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Measuring the Impact of Humanitarian Aid

Summary of published paper1

A recent HPG Briefing Paper reports on research into how the humanitarian community measures and analyses the impact of humanitarian assistance. The study is based on a review of the published and grey literature within the humanitarian sector and more broadly, interviews with aid agency staff and two commissioned papers covering impact measurement in the food and nutrition and health sectors.

The review concludes that the humanitarian system has been poor at analysing impact though promising approaches are now starting to be developed. It states that a major constraint has been the lack of an accepted definition of impact within the humanitarian sector and that the definitions current within the development field may not fully capture the particular nature of humanitarian work. In particular, the concept of positive change is central in developmental definitions of impact, but in humanitarian aid the aim is often to avert negative change (for example to prevent famine). The review also points out that analysing the impact of a humanitarian intervention is not straightforward, particularly in the dynamic and chaotic environments of complex emergencies. The difficulties of the operating environment, the need to act quickly in situations of immediate crisis, an organisational culture that values action over analysis and the fact that there is little consensus around the core objectives of humanitarian aid - all make analysing impact difficult. Techniques that are standard in the social science community, such as the use of control groups, are not widely used, and humanitarian practitioners tend to lack the skills needed to gather and interpret information.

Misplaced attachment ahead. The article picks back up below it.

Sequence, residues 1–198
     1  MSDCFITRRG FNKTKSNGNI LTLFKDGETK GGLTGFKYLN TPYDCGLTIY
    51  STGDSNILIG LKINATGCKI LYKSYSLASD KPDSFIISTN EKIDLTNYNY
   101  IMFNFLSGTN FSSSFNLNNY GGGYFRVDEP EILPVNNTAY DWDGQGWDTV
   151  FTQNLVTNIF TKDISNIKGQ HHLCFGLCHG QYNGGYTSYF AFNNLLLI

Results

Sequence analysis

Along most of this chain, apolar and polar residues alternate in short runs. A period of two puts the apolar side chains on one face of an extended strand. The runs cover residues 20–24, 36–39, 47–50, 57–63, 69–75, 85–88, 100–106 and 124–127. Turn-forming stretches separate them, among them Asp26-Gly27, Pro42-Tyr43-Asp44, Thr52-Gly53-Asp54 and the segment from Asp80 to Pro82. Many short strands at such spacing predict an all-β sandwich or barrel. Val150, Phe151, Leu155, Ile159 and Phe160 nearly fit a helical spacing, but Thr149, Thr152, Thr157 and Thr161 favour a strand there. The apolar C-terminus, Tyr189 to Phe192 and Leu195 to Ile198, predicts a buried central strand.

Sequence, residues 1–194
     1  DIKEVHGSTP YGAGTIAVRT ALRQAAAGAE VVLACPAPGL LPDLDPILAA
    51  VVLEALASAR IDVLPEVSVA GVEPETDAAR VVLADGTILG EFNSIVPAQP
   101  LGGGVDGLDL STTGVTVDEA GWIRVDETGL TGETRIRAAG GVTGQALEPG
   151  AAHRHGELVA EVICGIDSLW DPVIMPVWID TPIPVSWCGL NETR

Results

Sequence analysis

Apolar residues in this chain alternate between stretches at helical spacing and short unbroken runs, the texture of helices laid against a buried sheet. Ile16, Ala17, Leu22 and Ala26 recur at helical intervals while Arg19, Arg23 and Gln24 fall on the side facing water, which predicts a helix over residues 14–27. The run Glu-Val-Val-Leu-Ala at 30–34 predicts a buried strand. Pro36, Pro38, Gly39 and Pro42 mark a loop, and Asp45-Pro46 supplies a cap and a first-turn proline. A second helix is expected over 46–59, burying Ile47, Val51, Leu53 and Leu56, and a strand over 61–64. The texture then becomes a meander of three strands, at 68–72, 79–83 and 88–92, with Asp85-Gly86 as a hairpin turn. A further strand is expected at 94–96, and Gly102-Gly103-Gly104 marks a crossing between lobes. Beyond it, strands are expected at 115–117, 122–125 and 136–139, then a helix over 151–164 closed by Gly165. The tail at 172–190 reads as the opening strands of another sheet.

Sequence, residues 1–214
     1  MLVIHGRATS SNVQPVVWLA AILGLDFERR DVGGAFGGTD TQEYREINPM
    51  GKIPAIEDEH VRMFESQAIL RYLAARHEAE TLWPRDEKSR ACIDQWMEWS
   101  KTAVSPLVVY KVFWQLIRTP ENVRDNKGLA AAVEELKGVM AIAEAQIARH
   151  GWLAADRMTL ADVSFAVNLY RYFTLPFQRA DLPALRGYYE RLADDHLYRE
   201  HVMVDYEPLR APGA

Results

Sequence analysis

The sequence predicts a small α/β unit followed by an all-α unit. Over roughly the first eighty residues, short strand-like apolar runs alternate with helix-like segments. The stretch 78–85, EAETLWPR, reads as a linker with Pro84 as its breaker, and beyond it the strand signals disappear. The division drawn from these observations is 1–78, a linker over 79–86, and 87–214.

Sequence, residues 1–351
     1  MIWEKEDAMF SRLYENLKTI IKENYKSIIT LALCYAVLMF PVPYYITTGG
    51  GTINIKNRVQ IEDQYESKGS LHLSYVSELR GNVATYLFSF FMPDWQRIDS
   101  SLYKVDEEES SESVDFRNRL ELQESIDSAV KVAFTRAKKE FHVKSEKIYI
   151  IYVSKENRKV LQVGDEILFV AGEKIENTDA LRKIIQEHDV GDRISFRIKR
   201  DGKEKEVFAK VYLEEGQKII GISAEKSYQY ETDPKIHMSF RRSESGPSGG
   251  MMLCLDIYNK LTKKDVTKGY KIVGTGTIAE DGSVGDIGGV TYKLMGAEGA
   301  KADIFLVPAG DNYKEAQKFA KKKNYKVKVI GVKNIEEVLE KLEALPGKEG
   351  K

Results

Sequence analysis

Key findings of the research are as follows;

Moving beyond the project level

Measuring impact: skills, capacity and resources

Measuring impact: science and participation

Indicators and objectives

Results-based management; potential and dangers

The way forward

The study suggests that sufficient and appropriate tools and methods exist to provide reliable analysis of the impact of humanitarian aid whatever the context. It is the appropriate use and adaptation of these tools to the particular context and constraints that is lacking as a consequence of insufficient investment in skills and capacity development within the humanitarian sector. The study suggests that addressing this gap would have implications beyond the improved practice of impact assessment but would also lead to clearer objectives for aid, more robust risk and needs assessments, better research into what works and what doesn't and greater emphasis on community participation.

Show footnotes

1Hofmann. Charles-Antoinne et al (2004): Measuring the impact of humanitarian aid. A review of current practice. HPG Research briefing, no 15, June 2004

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Measuring the Impact of Humanitarian Aid. Field Exchange 23, November 2004. p5. www.ennonline.net/fex/23/measuring

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